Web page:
World Water Day Interview with Francis Daniel Bougaire, Chief Water Policy and Strategy Development Officer at the African Water Facility
Francis Daniel Bougaire is Chief Water Policy and Strategy Development Officer at the African Water Facility (AWF), a special fund hosted and administered by the African Development Bank. The AWF provides grants and technical assistance for the implementation of innovative projects within its domain. For Bougaire, promoting integrated water resources management (IWRM) is crucial for achieving inclusive, sustainable development.
What challenges does water represent, with its triple political, social and environmental aspects?
Humanity has to face several water-related challenges that affect food security, health, economic and social development and the sustainability of ecosystems in many places in the world. The importance and urgency of the challenges related to water security and sanitation, the sector's governance, the management of water resources, environmental protection, climate change and also their interactions with regional integration and especially cross-border water management, oblige the countries of Africa to take measures commensurate with the magnitude of the political, financial, socioeconomic and environmental issues at stake.
How do you take these three dimensions into account in your approach to the management of water resources?
Like nearly every national and international institution working in the water sector, the African Development Bank has opted, since 2000, for an integrated water resources management (IWRM) approach that takes account of all these dimensions. The concept of IWRM is a process that "promotes the coordinated development and management of water, land and related resources in order to maximize the resultant economic and social welfare in an equitable manner without compromising the sustainability of vital ecosystems."
Water needs to be viewed as an economic, social and environmental good. Policies and guidelines on the management of water resources should be studied within an integrated framework. At the operational level of water project funding, for example, a situation report must be drawn up to cover every aspect (natural environment, socioeconomic, institutional, political, legal, technological, etc.) that has any impact on the water resources in question. The goal is to recommend integrated measures to effectively tackle water-related challenges and arrange for the water to contribute to inclusive, sustainable development and green growth.
Various AWF-funded projects apply IWRM, such as in Burundi, Senegal, Niger, Mauritania, Namibia, the International Commission for the Congo-Ubangi-Sangha Basin (CICOS) project, and the Integrated Watershed Management of Kinoun and Tende River Basins project in Kenya.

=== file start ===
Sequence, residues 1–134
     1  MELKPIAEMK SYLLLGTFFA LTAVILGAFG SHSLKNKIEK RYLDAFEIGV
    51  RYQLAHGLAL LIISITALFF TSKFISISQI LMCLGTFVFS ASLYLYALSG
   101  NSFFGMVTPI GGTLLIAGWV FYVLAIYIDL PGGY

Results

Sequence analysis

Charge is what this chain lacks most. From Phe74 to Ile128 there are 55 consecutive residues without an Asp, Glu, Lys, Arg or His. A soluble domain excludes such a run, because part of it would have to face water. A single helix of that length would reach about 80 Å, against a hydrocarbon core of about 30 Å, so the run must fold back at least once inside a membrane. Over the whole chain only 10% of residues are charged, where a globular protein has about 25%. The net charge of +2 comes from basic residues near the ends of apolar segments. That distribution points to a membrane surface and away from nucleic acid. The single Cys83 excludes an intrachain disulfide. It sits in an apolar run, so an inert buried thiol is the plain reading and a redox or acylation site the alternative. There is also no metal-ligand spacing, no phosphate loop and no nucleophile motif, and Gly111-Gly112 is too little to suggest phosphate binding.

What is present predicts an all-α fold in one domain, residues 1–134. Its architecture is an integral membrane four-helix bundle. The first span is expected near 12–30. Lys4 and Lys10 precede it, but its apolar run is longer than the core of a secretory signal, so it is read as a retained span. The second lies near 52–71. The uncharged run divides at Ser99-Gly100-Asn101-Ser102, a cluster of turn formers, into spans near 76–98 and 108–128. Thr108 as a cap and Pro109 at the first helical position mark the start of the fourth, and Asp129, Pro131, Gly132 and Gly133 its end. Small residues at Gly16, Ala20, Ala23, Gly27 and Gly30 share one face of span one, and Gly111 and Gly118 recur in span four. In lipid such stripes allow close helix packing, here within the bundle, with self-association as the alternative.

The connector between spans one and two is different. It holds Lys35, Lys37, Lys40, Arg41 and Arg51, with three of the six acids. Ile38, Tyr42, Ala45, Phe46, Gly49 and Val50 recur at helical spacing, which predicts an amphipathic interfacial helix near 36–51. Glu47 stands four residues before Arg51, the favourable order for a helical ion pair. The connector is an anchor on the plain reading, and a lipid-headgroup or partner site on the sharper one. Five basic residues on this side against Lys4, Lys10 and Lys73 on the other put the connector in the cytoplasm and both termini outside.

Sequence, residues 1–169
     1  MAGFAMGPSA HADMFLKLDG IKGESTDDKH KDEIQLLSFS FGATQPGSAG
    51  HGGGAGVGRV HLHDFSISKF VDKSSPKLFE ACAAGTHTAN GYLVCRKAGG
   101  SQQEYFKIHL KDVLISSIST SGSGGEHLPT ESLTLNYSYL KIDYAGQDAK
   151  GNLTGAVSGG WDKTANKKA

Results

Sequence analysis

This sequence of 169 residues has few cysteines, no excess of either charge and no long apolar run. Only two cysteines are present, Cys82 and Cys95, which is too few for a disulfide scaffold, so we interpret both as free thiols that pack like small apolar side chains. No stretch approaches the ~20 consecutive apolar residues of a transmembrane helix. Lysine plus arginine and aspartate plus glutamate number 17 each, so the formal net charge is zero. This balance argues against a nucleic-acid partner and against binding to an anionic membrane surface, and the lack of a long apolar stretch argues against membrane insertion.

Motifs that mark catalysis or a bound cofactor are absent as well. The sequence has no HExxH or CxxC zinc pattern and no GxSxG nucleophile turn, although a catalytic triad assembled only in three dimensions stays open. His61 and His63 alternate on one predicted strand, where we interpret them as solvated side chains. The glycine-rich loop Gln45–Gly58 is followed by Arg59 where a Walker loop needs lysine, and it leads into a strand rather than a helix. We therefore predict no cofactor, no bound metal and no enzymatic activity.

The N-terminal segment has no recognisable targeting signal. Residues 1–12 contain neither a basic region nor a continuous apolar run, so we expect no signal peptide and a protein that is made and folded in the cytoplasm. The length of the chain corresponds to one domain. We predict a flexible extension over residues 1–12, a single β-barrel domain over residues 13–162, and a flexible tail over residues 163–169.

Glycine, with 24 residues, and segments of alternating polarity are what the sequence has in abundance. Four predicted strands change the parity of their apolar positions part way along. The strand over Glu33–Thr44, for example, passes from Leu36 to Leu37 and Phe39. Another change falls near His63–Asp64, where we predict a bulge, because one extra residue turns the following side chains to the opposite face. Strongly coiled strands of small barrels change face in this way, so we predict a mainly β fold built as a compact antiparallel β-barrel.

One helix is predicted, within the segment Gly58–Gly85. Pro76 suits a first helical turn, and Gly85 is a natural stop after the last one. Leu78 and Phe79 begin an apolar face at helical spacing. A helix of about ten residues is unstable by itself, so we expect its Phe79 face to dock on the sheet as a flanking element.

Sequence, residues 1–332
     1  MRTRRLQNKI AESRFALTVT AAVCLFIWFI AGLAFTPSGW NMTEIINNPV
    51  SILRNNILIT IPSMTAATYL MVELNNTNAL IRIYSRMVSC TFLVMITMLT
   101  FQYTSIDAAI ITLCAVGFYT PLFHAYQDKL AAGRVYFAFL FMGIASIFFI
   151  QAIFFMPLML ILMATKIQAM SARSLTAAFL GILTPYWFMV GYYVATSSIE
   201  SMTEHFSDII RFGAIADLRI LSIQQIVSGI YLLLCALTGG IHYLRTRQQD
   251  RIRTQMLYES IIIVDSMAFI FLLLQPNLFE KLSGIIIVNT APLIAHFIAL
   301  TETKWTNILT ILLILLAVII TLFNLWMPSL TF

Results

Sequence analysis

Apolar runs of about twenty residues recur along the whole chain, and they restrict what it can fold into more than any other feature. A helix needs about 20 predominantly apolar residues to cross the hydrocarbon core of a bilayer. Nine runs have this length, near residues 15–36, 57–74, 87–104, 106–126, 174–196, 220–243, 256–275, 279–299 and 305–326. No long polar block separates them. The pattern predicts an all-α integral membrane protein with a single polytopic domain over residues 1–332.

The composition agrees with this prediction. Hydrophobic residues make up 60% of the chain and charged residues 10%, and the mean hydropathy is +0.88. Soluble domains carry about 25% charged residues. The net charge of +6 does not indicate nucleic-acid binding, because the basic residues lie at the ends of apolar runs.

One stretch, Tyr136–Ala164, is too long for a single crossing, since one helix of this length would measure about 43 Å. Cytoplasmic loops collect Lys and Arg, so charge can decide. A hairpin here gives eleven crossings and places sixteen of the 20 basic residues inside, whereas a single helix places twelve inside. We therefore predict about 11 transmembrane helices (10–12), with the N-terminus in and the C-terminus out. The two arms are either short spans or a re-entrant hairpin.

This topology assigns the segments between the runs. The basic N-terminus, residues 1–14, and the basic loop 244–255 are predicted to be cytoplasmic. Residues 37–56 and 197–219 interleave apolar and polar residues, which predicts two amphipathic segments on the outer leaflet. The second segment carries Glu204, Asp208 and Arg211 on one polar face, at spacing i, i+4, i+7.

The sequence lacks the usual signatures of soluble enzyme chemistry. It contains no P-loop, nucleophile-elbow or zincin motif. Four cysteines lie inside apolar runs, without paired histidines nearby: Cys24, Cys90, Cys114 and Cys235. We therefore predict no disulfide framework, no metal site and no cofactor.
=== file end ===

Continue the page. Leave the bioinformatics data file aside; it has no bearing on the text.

In your view, how can the impacts of climate change on water be reduced?
Climate change exacerbates water problems. It is likely to further increase climate variability and increase the extent and scale of extreme weather events – especially droughts and floods. It threatens development and the installation and upkeep of major water infrastructure. How, then can we reduce the impact on water resources? First and foremost, by factoring climate change into the design of any project, ensuring that local and international best practice is followed or enhanced when coordinating and preparing the documentation required for future investments: pre-feasibility and feasibility studies, social and environmental impact studies and every other document needed for a project to go ahead, from the very earliest stages of its life.
This is the course of action adopted by the AWF, as a project preparation fund. In September 2012, the AWF issued a call for project proposals for funding the preparation of investment projects on water and climate change. Since then, the AWF continues to support water resources development projects that integrate climate changes, including the Kikonge multi-purpose dam in Tanzania, the rehabilitation of the subsurface dam at Naré in Burkina Faso, the improvement of rainwater management in Cameroon, and the development of irrigation for small farms in Zambia.
The impacts of climate change are cross-cutting. Efforts to better manage and use water help mitigate these impacts or better organize resilience. Other measures such as adopting rules to safeguard the climate, building the capacity of every stakeholder, optimizing systems to collect and disseminate water-related data and the availability of financial resources to support climate related aspects of projects.
For more information about the Bank’s work in Water and Sanitation sector :